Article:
Washington--Thailand is warning it will expel 1.5 million illegal workers from the country, a move that could affect around 160,000 Cambodians.
Rights workers in Cambodia say the migrant laborers deserve assistance from both Thai and Cambodian authorities to help them work and travel legally.
Migrant workers earn around $200 a month in Thailand, working long hours in poor conditions on construction projects, farms, fishing boats and other enterprises.
Thai authorities pushed back a Dec. 14 deadline to deport undocumented workers, but Cambodian officials and labor activists say Thailand will not give permits to workers any longer if they do not have passports. Thai officials say the measure is meant to curb human trafficking and exploitation of workers. But many Cambodian workers say they have little choice and are willing to take risks to illegally work in Thailand.
Cambodian Foreign Minister Hor Namhong is scheduled to meet with his Thai counterpart next week, for wide-ranging talks that could include the migrant worker question.
Rights groups say Cambodians won’t be able to afford their own passports and other documentation if they want to continue to work in Thailand legally.
Meas Saneth, a labor advocate for the group Caram, said the deportation will affect Thailand’s economy and the living standards of workers.
“We think there will be a new procedure to allow them to extend or continue their work” in Thailand, he told VOA Khmer. But new paperwork will also take the cooperation of employers, he said.
“Workers should use a legal and governmentally recognized company before going to work abroad,” he said. “So when they arrive in that country, they have the right to healthcare access, and their rights are protected.”
Other advocates for greater documentation say they should be made free of charge.
“Because the workers do not really save money,” said Moeun Tola, a labor advocate at the Community Legal Education Center. “What little backbreaking money they have they sent back home.” And many of the workers are illiterate and easily cheated abroad, he said.
In 2011, the Thai government said it would stop issuing work permits for Cambodians with only certificates of identity and pushed for Cambodia to get passports to its workers. In a speech last week, Prime Minister Hun Sen said this would require a lot of work, “so let’s talk to our Thai partners about the issue.”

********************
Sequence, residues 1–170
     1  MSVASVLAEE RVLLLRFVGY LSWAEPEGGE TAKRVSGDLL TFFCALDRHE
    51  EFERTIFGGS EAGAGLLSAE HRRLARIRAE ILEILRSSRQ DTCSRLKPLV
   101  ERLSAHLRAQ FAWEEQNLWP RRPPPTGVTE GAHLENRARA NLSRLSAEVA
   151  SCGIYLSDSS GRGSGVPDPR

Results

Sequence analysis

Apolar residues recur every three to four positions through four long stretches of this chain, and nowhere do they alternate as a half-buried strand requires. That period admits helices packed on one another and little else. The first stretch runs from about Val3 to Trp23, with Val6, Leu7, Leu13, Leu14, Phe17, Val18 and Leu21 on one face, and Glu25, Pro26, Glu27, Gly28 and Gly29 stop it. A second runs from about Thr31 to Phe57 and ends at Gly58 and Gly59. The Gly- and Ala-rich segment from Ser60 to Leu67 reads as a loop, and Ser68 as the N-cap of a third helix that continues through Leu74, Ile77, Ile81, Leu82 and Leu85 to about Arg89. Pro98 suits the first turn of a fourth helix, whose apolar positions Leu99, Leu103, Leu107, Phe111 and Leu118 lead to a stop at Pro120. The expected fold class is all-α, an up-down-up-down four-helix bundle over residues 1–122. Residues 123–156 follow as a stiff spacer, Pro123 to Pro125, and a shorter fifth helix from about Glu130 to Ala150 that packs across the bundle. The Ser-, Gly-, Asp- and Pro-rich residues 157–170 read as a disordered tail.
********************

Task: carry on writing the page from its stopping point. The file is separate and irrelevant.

Som Phal, 32, worked in the suburbs of Bangkok for about six months earlier this year. He told VOA Khmer he prefers to go to Thailand as an undocumented worker, because waiting for a legal brokerage, passport and other documentation takes too much time and money.
“In my village today, people use the short cut rather than wait for a passport,” he said.
However, short cuts have a downside, and workers often don’t get what they hoped.
Som Phal said he was supposed to work for a full year in Thailand, but was put in the wrong jurisdiction and was returned to Cambodia with the promise that a company would help him come back within 15 days. That was six months ago.
Loak Leap, 56, said two of his eight children work construction in Thailand. They don’t have legal status, but their employers take care of the paperwork, he said. He cannot afford to get them passports, he said, so illegal work is worth the risk. And he has little choice, he said.
“No matter from what district, province or commune, almost every family around the country has members who go to work in Thailand,” he said. They are attracted by the money, he said, despite the risks, and work abroad is better than staying in the village, jobless, “to face famine.”